Americans Choosing Nude Vacations
In a trend that I have somehow missed, Americans are flocking to the nude vacation scene, according to a revealing AFP investigaton.
It is called a vacation “au naturel,” using a French expression as a fig leaf to cover up its more common name of naturism. The United States is a deeply conservative country and some inhibitions take time to cast off, but Americans are starting to flock to beaches and country parks reserved for nudists, especially at the luxury end of the market. “People are looking for a more relaxed way to spend their vacation,” according to Carolyn Hawkins, public relations coordinator for the American Association for Nude Recreation (AANR). “They find visiting a nudist resort, they can travel more and pack less.”
The AANR estimates that naturist clubs and beaches for those who soak up the sun “au naturel” earn about 500 million dollars a year now, against 200 million dollars in 1992. “The interest has been increasing over the last 10 years,” said Carrie Schultz, marketing director for the Caliente Resort, an upmarket nudist colony near Tampa in southern Florida, which has about 300 apartments, bungalows and houses that cost between 200,000 and 500,000 dollars.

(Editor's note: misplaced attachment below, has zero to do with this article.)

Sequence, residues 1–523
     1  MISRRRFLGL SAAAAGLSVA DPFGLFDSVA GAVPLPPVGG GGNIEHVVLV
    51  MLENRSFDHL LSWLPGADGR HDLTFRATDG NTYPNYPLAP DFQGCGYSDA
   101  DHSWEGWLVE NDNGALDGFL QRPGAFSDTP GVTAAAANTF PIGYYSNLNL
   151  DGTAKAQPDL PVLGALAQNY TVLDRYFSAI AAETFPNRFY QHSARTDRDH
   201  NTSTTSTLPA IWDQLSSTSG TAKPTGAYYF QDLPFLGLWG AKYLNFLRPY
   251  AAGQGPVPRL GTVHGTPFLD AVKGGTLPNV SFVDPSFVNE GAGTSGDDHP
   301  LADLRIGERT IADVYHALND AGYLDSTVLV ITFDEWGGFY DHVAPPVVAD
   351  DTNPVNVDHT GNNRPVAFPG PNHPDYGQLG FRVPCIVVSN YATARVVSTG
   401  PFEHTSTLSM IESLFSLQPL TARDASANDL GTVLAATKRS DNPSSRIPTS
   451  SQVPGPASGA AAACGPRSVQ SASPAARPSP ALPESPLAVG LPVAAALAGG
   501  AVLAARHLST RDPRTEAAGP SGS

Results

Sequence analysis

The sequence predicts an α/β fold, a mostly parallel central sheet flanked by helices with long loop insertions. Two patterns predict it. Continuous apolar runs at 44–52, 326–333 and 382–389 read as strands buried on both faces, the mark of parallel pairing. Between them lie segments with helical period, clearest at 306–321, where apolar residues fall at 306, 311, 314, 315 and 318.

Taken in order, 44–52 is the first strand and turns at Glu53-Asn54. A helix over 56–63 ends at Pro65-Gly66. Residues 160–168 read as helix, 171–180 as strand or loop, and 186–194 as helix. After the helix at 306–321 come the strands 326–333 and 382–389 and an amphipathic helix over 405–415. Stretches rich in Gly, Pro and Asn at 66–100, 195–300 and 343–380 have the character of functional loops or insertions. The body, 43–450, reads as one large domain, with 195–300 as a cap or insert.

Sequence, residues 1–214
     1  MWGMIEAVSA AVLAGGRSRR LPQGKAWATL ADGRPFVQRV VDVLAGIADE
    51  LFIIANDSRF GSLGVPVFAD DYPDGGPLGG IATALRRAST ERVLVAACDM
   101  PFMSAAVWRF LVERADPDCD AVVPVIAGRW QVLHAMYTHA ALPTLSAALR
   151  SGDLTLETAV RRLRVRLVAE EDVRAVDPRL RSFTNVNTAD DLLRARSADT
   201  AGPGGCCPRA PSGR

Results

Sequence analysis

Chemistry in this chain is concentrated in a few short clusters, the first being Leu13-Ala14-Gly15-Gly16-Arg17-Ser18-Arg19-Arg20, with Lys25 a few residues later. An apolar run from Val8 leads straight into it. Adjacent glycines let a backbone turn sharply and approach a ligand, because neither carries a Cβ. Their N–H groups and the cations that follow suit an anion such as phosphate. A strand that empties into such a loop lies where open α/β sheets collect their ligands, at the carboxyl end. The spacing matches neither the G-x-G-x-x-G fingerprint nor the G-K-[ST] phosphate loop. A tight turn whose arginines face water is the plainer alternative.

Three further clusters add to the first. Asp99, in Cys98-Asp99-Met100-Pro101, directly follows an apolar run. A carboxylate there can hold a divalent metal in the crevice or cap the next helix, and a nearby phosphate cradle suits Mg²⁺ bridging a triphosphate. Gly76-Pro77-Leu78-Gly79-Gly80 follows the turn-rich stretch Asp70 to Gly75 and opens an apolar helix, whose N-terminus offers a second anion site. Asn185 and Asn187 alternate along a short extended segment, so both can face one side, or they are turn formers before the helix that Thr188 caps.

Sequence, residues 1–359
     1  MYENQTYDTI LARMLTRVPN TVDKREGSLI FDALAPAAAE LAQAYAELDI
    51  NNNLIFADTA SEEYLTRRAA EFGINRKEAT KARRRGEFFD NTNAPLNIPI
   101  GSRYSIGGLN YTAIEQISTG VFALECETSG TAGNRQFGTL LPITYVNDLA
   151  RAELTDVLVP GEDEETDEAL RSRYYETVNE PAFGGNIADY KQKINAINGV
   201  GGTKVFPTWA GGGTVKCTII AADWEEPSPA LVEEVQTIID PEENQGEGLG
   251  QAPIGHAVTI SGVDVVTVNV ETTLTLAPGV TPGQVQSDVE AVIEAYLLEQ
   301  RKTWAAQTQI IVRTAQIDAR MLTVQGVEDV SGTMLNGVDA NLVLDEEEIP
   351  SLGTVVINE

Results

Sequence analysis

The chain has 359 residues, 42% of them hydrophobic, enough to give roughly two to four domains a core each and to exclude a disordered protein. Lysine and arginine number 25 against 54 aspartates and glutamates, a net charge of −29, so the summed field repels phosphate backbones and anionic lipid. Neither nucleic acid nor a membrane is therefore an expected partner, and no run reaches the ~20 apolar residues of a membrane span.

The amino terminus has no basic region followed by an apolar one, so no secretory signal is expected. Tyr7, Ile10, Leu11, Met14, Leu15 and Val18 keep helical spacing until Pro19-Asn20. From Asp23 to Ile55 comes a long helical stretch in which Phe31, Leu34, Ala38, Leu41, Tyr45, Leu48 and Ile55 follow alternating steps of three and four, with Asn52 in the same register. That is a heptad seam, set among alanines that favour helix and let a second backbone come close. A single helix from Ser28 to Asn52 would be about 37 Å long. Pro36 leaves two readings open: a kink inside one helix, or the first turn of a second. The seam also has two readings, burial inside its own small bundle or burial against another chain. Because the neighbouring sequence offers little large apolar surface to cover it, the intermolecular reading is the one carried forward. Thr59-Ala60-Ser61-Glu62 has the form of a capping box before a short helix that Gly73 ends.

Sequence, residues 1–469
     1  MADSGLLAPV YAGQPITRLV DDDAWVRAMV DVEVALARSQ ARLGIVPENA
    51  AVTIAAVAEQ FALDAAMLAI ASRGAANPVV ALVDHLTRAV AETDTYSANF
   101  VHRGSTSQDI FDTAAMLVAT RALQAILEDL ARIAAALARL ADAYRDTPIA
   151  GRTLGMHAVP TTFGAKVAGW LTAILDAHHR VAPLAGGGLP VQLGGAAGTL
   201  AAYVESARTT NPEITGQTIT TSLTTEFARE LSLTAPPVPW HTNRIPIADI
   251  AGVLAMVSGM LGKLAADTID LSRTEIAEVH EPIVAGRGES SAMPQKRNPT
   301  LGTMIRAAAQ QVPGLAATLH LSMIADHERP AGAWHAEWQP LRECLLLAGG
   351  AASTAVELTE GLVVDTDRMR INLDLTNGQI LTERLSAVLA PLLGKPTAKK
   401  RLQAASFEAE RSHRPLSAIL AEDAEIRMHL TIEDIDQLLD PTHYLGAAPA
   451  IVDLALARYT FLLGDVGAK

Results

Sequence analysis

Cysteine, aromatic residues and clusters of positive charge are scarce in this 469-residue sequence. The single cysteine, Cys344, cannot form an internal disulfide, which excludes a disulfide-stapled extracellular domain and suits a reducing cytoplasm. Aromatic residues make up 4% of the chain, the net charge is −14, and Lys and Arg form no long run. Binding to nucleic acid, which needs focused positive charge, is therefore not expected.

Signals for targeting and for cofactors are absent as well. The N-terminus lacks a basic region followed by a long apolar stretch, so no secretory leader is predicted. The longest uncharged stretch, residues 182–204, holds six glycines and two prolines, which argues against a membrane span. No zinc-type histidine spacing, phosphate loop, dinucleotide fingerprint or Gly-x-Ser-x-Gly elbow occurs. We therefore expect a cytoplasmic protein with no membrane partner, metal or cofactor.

“People who bought here used to go to the Caribbean to find nude facilities. Upscale nude resorts didn’t exist in the US,” said Shultz. “Shields are coming off. We are not afraid to run TV commercials and people know it is here. Caliente is family oriented, with a children’s playground and events for kids. In terms of luxury accommodations, we are off the scale.”
Caliente highlights how naturism in the United States has become more sophisticated to reach its market. Specialist agencies, such as Bare Necessities, based in Austin, Texas, offer cruises to the Caribbean and Europe, buying up whole ships and then selling holidays for between 800 and 5,000 dollars per person. “Nude recreation has grown so much in the US because there are more upscale availabilities, more than going to a camp site,” said Nancy Tiemann, who started Bare Necessities in the early 1990s. “Americans are a little spoiled. They want something with more amenities. When we started our business, major cruise lines would not respond, it was difficult to find somebody who would take my call.
Of course, there are 290-odd million Americans. How many of them are engaging in nude vacations is not mentioned in the report. The fact that they had to use a file photo of the nude woman pictured above may be an indication that the trend is not so large after all.
I report. You decide.